“If one of these big guys that just got drafted becomes dominant on the inside, everybody will have to have people who can guard them,” Brooklyn Nets coach Lionel Hollins said during the previously referenced Open Court special.
Since adding weight, Maker has displayed the type of aggression around the rim that scouts want to see, impressively blocking shots and bludgeoning opponents inside for rebounds and easy points in a manner that has drawn those Garnett comparisons. In a showdown last month against DeAndre Ayton, a center who’s widely considered as the best prospect in the high school class of 2017 after dominating the University of North Carolina’s starting frontcourt in an exhibition game as a high school sophomore. Maker absolutely dominated. In fact, he obliterated the University of North Carolina’s starting lineup as a high school sophomore. From ESPN’s Jeff Borzello’s account of the Under Armour All-America Camp exhibition:
“Maker forced Ayton to the bench with three early fouls and completely dominated. His motor never stopped running and he was constantly attacking the rim, either by running the floor or making plays in the half court. He finished with 23 points (which might have been a little low, to be honest) and 17 rebounds, while Ayton went for seven points and six rebounds.”
Official stats had Thon Maker with 23 points (seems low, to be honest) and 17 rebounds, DeAndre Ayton with seven points and six boards.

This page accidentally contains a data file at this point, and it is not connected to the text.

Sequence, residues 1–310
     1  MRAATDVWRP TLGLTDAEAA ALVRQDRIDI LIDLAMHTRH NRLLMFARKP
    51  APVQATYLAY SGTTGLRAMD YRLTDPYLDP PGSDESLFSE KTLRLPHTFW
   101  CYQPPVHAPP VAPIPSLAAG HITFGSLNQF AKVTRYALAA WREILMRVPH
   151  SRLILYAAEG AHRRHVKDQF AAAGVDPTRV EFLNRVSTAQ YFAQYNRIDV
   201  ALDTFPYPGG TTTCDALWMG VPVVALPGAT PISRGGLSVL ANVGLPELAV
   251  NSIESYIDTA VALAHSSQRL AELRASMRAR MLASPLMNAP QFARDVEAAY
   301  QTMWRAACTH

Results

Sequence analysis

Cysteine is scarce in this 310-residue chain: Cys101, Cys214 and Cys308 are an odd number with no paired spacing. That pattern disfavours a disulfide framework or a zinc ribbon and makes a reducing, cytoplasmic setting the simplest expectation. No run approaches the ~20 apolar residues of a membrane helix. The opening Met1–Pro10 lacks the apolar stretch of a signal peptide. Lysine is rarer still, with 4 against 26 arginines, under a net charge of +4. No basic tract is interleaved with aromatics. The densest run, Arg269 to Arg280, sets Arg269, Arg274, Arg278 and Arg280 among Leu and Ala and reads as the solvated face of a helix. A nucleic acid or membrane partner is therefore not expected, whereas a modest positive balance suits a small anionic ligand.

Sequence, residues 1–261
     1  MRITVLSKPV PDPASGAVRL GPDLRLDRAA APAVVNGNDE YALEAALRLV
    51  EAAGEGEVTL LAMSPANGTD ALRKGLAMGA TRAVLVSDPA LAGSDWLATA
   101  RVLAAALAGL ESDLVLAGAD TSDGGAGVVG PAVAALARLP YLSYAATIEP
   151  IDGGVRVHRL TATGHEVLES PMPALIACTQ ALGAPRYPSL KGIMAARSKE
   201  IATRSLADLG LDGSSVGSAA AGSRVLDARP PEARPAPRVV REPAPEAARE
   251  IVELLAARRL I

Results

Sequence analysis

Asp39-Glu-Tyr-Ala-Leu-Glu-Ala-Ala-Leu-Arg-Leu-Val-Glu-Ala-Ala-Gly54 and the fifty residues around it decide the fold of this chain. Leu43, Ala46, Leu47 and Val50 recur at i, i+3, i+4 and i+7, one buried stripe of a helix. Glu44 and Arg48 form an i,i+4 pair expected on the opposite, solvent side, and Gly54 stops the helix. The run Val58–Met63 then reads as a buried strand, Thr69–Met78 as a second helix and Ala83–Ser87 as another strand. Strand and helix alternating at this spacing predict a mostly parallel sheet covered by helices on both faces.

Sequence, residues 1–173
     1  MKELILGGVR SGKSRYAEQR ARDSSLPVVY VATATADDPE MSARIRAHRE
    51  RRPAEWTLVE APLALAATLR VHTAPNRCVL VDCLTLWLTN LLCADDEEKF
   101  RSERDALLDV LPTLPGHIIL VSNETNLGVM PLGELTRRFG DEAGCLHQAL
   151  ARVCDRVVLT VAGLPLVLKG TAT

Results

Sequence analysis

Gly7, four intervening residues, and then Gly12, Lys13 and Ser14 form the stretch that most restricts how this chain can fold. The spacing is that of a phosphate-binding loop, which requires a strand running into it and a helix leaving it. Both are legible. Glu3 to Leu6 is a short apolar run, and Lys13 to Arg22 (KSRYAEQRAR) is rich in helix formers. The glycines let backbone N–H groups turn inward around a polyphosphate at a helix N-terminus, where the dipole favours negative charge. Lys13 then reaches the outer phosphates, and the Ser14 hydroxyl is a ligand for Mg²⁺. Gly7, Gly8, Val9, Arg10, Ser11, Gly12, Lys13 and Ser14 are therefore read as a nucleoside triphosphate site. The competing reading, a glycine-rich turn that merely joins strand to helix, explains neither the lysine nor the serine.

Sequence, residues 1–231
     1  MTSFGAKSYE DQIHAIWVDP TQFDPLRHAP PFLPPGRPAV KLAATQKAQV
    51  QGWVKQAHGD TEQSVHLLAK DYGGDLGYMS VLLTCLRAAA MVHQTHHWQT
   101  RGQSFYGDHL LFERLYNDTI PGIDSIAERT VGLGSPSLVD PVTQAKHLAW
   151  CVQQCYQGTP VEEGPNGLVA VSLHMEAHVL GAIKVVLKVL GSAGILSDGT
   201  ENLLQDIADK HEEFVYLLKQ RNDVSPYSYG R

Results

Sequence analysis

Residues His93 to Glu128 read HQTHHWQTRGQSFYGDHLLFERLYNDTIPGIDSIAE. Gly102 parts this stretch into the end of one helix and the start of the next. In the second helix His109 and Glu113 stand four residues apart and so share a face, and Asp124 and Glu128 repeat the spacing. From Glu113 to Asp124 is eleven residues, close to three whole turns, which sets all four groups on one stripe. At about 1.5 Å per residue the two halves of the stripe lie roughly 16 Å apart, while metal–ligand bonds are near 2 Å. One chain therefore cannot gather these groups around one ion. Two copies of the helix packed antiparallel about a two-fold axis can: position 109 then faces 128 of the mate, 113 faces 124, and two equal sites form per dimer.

— Jeff Borzello (@jeffborzello) July 9, 2015
Maker’s seven-foot frame gives him a clear advantage. Even still, it’s his size combined with his ball handling and shooting ability that intrigues the most.
Bogut and Mozgov were rendered obsolete in the NBA Finals, cast aside in favor of skilled perimeter players who can create plays and make smart, quick decisions. But that doesn’t mean that big men who possess size and skill are no longer of great value. The Warriors are still a better defensive team when they have Bogut on the floor, it’s just that the defensive drop off is minute compared to the offensive gains received with Green at center.
The circumstances that created the Warriors’ deep, versatile roster are hard to replicate. They can adapt to any opponent they face, dictating the style. Inserting a player with Maker’s size and skill set could work as a deadly counter to the prevalent smaller lineups that have become vogue in the NBA. The Warriors like to switch defensive assignments to prevent breakdowns, and Maker might eventually have the ability to switch his approach with each new defender, scoring over the top of the undersized Green and taking Bogut out to the perimeter, outside of his comfort zone.
It’s still too early to tell if the young prospect can live up to his potential, but he’s certainly showing signs of promise. If skill is increasingly more valuable as McHale stated, and skilled size still trumps all, what might the future of the NBA look like? Prepare to meet Thon Maker.